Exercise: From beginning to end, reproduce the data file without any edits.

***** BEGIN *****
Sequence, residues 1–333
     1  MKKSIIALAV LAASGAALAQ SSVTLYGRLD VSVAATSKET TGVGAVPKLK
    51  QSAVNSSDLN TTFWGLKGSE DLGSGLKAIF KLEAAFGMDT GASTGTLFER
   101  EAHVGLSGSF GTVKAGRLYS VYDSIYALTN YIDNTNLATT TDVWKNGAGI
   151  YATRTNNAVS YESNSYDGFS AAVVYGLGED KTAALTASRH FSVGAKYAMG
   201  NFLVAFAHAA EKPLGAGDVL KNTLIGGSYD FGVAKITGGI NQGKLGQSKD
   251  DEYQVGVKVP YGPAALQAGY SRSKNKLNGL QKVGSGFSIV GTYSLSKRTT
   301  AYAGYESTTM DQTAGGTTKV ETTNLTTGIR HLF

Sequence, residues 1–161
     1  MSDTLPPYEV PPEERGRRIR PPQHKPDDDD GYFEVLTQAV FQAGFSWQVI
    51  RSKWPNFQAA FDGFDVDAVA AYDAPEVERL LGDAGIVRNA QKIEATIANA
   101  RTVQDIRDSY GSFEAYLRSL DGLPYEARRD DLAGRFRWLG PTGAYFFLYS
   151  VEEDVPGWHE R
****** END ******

Sequence, residues 1–333
     1  MKKSIIALAV LAASGAALAQ SSVTLYGRLD VSVAATSKET TGVGAVPKLK
    51  QSAVNSSDLN TTFWGLKGSE DLGSGLKAIF KLEAAFGMDT GASTGTLFER
   101  EAHVGLSGSF GTVKAGRLYS VYDSIYALTN YIDNTNLATT TDVWKNGAGI
   151  YATRTNNAVS YESNSYDGFS AAVVYGLGED KTAALTASRH FSVGAKYAMG
   201  NFLVAFAHAA EKPLGAGDVL KNTLIGGSYD FGVAKITGGI NQGKLGQSKD
   251  DEYQVGVKVP YGPAALQAGY SRSKNKLNGL QKVGSGFSIV GTYSLSKRTT
   301  AYAGYESTTM DQTAGGTTKV ETTNLTTGIR HLF

Sequence, residues 1–161
     1  MSDTLPPYEV PPEERGRRIR PPQHKPDDDD GYFEVLTQAV FQAGFSWQVI
    51  RSKWPNFQAA FDGFDVDAVA AYDAPEVERL LGDAGIVRNA QKIEATIANA
   101  RTVQDIRDSY GSFEAYLRSL DGLPYEARRD DLAGRFRWLG PTGAYFFLYS
   151  VEEDVPGWHE R